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Stubborn Independence

I’ll never forget a principle I first heard from Francis Schaeffer while attending one of his lectures. There he stood in knickers and a turtleneck sweater, delivering a message to a group of young, idealistic listeners—many of us struggling to find our way. I heard him say this again and again: “The Lord’s work must be done the Lord’s way. The Lord’s work must be done the Lord’s way. The Lord’s work must be done the Lord’s way.”

If you’re in a hurry, you can make it work your way. It may have a pure motive and all the marks of spirituality, but it won’t be the Lord’s way. Stop and realize that.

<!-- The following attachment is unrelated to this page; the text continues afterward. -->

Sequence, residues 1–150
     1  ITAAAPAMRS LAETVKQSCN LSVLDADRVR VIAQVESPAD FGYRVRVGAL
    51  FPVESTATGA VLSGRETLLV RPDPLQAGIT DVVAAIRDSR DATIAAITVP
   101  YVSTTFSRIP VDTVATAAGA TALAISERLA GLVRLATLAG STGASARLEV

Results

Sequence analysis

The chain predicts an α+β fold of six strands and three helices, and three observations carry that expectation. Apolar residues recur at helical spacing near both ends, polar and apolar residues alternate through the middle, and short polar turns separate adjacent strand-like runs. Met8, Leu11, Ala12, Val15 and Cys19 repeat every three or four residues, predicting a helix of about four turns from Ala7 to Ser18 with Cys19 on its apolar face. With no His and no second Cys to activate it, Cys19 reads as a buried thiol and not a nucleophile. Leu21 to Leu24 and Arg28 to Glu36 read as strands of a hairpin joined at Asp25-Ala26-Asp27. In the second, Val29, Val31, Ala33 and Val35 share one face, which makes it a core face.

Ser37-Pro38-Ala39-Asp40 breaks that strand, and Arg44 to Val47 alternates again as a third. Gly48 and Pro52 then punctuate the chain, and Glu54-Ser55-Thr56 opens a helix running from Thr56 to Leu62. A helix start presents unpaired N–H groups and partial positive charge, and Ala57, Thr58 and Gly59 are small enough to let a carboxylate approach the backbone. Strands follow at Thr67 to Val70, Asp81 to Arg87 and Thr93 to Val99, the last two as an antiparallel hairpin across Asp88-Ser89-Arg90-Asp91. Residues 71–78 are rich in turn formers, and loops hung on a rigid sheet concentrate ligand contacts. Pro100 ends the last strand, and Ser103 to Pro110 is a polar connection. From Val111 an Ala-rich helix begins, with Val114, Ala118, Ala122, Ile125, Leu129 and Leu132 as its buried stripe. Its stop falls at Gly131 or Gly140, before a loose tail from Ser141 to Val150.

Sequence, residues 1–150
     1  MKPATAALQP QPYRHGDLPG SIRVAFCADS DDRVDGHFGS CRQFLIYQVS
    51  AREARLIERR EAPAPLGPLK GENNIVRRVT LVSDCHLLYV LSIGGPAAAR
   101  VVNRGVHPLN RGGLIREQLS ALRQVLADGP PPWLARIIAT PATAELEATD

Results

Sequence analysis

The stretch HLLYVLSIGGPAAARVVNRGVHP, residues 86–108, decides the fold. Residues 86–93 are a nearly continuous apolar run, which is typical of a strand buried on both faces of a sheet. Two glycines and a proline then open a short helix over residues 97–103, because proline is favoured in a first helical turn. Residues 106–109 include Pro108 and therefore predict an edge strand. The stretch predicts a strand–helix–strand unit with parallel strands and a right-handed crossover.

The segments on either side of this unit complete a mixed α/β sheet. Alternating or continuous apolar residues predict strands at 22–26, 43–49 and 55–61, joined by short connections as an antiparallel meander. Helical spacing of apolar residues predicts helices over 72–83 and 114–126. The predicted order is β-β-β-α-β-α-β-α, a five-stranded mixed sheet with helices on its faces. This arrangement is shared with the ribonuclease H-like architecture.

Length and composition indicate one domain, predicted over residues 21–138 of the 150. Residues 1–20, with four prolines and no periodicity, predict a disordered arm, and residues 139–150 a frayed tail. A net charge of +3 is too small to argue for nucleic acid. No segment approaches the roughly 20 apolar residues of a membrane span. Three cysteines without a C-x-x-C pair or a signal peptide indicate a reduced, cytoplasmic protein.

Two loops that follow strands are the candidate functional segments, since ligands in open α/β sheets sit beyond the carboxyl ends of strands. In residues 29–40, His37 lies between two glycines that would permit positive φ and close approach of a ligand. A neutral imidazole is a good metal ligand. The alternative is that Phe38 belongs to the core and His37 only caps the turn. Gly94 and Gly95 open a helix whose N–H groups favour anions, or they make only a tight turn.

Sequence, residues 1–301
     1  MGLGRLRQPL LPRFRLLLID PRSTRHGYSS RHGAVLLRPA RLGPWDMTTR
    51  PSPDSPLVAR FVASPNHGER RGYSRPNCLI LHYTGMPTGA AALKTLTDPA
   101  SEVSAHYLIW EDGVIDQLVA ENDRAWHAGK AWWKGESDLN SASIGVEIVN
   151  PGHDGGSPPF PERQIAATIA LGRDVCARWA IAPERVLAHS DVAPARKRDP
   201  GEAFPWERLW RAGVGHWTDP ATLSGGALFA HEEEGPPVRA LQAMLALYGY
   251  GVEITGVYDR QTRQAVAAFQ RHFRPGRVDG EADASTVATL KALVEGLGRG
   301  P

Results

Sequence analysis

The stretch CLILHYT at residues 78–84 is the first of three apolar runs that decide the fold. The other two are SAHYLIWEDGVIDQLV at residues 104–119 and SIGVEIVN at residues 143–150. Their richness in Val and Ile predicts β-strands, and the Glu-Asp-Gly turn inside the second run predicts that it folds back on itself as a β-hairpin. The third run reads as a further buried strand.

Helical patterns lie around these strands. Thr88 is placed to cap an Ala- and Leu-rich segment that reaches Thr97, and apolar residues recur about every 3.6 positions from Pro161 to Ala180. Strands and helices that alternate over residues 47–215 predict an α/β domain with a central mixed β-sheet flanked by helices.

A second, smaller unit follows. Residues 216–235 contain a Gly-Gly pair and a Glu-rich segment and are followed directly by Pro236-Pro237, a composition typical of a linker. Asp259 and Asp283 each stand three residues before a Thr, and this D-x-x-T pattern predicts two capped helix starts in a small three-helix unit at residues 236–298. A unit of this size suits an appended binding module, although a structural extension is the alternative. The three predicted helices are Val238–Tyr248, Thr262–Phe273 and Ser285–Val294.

John Pollock, in his splendid book The Apostle, states,

The irony was not lost on him that the mighty Paul, who had originally approached Damascus with all the panoply of the high priest’s representative, should make his last exit in a fish basket, helped by the very people he had come to hurt.1

That about says it all, doesn’t it?

Just to set the record straight, our lives and ministries are not caught “in the fell clutch of circumstance.” Our heads are not to be “bloodied, but unbowed.” You and I are neither the “masters of our fate” nor the “captains of our souls.” We are to be wholly, continually, and completely dependent on the mercy of God, if we want to do the Lord’s work the Lord’s way. Paul had to learn that. So must we.

My question is: Are you learning that? If not, today would be a good day to start.

                            —Chuck

1. John Pollock, The Apostle: A Life of Paul (Wheaton, Ill.: Victor, 1985), 45.